Following the release of a 52-page report on sexual abuse and the Southern Baptist Convention, survivors and advocates in Birmingham discussed the path to prevention and caring well for survivors.
“One of the things God is doing is shaking a sense of invulnerability,” said Ethics and Religious Liberty Commission (ERLC) President Russell Moore, referring to thinking that says “it can’t happen in my church.” Last spring, a Houston Chronicle series uncovered hundreds of cases of abuse perpetrated by Southern Baptist ministers and volunteers.
“God is uncovering some awful things,” Moore said. “But at the same time, he’s raising up amazing, encouraging things too.” Like listening to the voices of survivors, he added.
One abuse survivor, Susan Codone, shared her story during the panel discussion hosted by the ERLC June 10 as part of the Southern Baptist Convention in Birmingham. Condone was a teenager when she was abused first by her youth minister, and then by the pastor of her church.
Though her abuse was 35 years ago, Codone said, she doesn’t see much change in how things are often handled now. After his abuse of her, the youth minister spent “33 years of unimpeded ministry” in her home city of Birmingham, she said. Codone refers to it as a “catch and release policy.” Abusers are caught but then released, many to abuse again.
Codone’s story is part of a report released prior to the Birmingham meeting by the Southern Baptist Sexual Abuse Advisory Study. The study group, appointed by SBC President J.D. Greear in response to a motion made at the 2018 annual meeting, spent a year interviewing survivors, advocates, experts, and church leaders on how Southern Baptist congregations can best handle cases of abuse and exhibit care for survivors.
When the SBC’s annual business session begins June 11, voters (called “messengers”) will consider a constitutional amendment that specifies sexual abuse as grounds for discontinuing cooperation with a church. Messengers also will vote on whether to establish a standing committee that would investigate claims of misconduct against churches related to abuse and other issues.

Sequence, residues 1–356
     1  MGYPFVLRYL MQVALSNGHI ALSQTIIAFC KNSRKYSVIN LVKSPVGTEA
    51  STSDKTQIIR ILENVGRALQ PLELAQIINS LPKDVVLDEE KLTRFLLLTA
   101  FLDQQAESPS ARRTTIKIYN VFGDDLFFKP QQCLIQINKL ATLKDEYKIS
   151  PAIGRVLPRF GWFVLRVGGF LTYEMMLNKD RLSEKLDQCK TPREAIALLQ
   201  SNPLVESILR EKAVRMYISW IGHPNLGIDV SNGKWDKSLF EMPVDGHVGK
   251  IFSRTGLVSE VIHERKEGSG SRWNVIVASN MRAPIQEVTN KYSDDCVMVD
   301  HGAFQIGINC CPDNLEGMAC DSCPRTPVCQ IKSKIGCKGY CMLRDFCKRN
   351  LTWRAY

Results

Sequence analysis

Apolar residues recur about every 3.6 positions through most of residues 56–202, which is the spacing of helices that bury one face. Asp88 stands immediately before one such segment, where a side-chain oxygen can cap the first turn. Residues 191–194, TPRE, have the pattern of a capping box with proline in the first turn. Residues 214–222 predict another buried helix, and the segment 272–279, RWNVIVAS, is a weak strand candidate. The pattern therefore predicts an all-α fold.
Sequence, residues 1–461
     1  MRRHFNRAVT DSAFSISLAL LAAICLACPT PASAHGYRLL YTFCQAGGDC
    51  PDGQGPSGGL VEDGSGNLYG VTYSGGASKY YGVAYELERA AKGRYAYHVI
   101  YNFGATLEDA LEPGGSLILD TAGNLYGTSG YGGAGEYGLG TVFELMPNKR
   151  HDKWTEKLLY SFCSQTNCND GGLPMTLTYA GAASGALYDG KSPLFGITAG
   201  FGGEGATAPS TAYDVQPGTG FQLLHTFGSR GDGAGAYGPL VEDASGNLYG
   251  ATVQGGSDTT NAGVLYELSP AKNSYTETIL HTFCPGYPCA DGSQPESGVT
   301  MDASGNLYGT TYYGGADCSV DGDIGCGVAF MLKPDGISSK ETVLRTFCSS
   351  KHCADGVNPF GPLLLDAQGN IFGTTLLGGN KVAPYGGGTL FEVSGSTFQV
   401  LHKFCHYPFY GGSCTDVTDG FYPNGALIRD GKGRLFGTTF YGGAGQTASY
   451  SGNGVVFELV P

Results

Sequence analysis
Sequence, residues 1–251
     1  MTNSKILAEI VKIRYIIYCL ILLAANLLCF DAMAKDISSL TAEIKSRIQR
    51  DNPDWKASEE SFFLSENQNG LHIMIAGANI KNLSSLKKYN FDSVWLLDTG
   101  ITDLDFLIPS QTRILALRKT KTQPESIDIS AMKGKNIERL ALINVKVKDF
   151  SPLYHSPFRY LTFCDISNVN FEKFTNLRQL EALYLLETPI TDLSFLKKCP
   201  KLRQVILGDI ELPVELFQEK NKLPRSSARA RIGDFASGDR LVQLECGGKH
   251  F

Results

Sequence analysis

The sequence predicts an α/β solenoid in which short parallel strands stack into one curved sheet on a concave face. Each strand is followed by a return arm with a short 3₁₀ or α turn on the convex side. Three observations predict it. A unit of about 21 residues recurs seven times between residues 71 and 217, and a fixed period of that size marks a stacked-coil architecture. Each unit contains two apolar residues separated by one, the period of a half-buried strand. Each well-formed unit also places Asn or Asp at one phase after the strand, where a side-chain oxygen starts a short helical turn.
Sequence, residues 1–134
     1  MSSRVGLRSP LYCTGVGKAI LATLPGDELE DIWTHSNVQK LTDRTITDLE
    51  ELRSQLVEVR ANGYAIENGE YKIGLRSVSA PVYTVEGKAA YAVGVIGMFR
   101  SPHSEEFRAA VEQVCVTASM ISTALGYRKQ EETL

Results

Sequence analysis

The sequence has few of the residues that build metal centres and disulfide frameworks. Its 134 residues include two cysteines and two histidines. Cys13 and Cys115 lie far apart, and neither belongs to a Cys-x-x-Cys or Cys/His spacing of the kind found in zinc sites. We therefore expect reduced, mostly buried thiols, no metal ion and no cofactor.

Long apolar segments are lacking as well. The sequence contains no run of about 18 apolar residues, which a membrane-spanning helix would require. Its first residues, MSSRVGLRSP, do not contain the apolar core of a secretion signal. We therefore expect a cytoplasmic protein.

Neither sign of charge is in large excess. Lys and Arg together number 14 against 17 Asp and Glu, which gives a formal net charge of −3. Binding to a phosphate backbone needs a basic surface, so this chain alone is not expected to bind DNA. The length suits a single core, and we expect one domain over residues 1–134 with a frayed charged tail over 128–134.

Prior to Monday evening’s panel discussion, an article in The New York Times detailed an allegation of abuse involving a former children’s minister at The Village Church in Flower Mound, Texas. Christine Bragg, mother of the girl Matthew Tonne was arrested for molesting, says the church is more interested in protecting itself than her daughter. Village Church pastor Matt Chandler will join the Baptist21 gathering of young leaders on Tuesday to address the story.
During the panel discussion Monday night, Rachael Denhollander spoke often from the perspective of the sexual abuse survivor community. Denhollander, a member of Greear’s study group, was the first woman to publicly accuse gymnastics doctor Larry Nassar of sexual assault. She cautioned ministry leaders against the notion that survivors want to throw stones at churches.
“By and large, they love the church. They love Jesus. They love the gospel,” she said. “I have found my greatest refuge and hope in the gospel, and our desire is to see the church do this better, so that it becomes the refuge it was intended to be.”
Denhollander encouraged church leaders to utilize two strategies to facilitate a “heart shift” on dealing with abuse: First, imagine what you would say if it was another type of crime. For example, she said, if someone was robbed at your church, would you ask the victim if they had been wearing an expensive suit, if maybe they had invited the crime.
Second, she said, how would you treat this if it were a physical injury? All too often, the panelists said, we ignore the devastating effects of trauma from sexual abuse.
Author and Bible teacher Beth Moore, also a survivor of abuse, spoke of how Jesus heals, how in him there is no darkness, and how he can be fully trusted. The ministry she has had after abuse hasn’t made it worth it, she said, but Christ has made it matter.
“I pray that the enemy is sorry that he messed with me,” Moore said. “That it backfired on him so badly because ministry came from it.” As she spoke, a young woman sitting near the front front of the room wiped tears from her face. She nodded again and again, whispering “yes.”